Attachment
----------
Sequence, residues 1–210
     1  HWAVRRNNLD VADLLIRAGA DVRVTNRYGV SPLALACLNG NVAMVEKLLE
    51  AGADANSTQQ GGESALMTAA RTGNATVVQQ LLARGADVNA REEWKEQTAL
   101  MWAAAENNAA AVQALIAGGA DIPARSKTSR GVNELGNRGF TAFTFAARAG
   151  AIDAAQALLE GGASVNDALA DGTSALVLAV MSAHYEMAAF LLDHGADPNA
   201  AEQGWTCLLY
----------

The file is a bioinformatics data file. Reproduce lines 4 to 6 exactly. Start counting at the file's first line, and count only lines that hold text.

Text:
   101  MWAAAENNAA AVQALIAGGA DIPARSKTSR GVNELGNRGF TAFTFAARAG
   151  AIDAAQALLE GGASVNDALA DGTSALVLAV MSAHYEMAAF LLDHGADPNA
   201  AEQGWTCLLY